There are a lot of options for you to experiment with in order to make a musical masterpiece. If you’re also the type of person who likes making music tracks with loops, there are a lot of loops and premade instruments from various different genres for you to use as well, and the amount will only increase over time when more and more people continue to make instruments and loops with Dreams’ DAW and share them for remixing and usage. My only complaint about the DAW is once again I wish you could use a keyboard and mouse as I feel like that would make the process of using the DAW not only easier but allow you to be more precise when clipping tracks down to the beats or seconds.
The Potential of Dreams upon its full release really depends on two things: The marketing and support of Sony and Media Molecule along with the continued support of the players and creators of Dreams. With LittleBigPlanet as a series, I felt like it never really reached its full potential and I still don’t really know if that was because of a lack of marketing push by Sony or the fact that maybe players just got tired of playing what was for the most part 2D levels. Even though there was both some really amazing 2D levels and non-2D levels that people created in LittleBigPlanet, the series had its limits. There are a few differences though between LittleBigPlanet and Dreams. One is that you could really only make levels in LittleBigPlanet whereas in Dreams you can make games. So while a really great level would only catch the interest of people who enjoy 2D platformers or already own LittleBigPlanet maybe if people hear about a really great game made in Dreams it might get them to check out Dreams or inspire them to make a game of their own using Dreams. It’s also not as niche as LittleBigPlanet as a game made in Dreams can be just about anything. Dreams has incredible potential, it really just depends on how the game is pushed and how people respond to it. It also doesn’t hurt that Dreams has community creator jams with themes for players to create and enter whatever they want as long as it fits into that theme.
Every week of the Creator Early Access that passes, I feel like the potential for Dreams increases as the creations are becoming more advanced, more original, and more beautifully designed. There is no doubt in my mind that while the support or lack thereof from Sony could either benefit or hurt Dreams longevity, the community and their creations within Dreams will continue to push Dreams to new heights.
Dreams: Creator Early Access will run you $29.99 but if you’re a creator you’re getting quite a bundle of creative tools with Dreams. You’ll be able to sculpt, design, paint, make music, and just let your creativity take over and for the price of $30.00, that’s a steal. You’ll also be able to access an evergrowing amount of created content for you to experience. At this point in the Dreams lifecycle, if you’re not a creator but instead someone who just wants to play and see cool creations the number of good quality creations while limited right now is still worth the $30.00 just to see the evergrowing amount of original creations in Dreams and what creators will think of next. The number of creations is only bound to continue to grow as well. Outside of a handful of really good creations that you’ll replay a few times, you’ll spend no more than a couple minutes in most of the dreams which is a downside but it’s impressive none the less to see what people are making with Dreams especially when you take into account that the creation tool isn’t exactly easy to skillfully use.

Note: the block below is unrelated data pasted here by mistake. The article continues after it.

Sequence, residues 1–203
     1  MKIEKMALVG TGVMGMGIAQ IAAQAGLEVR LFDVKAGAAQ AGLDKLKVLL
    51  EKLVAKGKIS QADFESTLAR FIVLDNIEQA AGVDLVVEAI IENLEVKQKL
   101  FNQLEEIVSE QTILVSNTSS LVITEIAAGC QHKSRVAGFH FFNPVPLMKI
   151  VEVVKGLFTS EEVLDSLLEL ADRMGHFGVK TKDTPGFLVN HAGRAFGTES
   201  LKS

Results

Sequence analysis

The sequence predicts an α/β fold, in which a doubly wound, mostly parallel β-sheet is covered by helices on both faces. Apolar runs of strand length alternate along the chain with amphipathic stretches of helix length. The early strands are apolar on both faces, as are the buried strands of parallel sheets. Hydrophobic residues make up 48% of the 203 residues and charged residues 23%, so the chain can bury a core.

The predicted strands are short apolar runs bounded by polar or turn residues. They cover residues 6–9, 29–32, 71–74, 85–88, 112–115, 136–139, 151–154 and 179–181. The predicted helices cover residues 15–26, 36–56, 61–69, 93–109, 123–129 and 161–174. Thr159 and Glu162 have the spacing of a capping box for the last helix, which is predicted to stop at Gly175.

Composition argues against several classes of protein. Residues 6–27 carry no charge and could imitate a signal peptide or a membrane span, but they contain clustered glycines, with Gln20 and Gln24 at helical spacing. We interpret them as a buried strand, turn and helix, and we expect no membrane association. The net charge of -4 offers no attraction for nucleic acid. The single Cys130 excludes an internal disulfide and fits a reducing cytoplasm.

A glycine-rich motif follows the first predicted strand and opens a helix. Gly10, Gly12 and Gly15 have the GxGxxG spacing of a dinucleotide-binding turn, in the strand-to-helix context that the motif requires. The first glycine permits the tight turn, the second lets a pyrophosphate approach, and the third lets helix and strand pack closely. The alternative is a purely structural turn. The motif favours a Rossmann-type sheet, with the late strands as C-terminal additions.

Dreams has a lot of potential for both creators and players. When it releases and you’re not a creator and are instead just a player, there will be an ever-growing amount of good quality dreams for you to check out, even if there is only some out right now. For creators if you’re able to wrap your head around the DualShock or PlayStation Move’s control scheme when it comes to dreamscaping, this is definitely worth getting as you are getting a really impressive amount of tools to create your dreams with, whether that’s making music, a playable level, full game, sculpture or a short film. Dreams can really do a lot of impressive things and it’s still in early access which makes me excited to see all the things the full release will offer.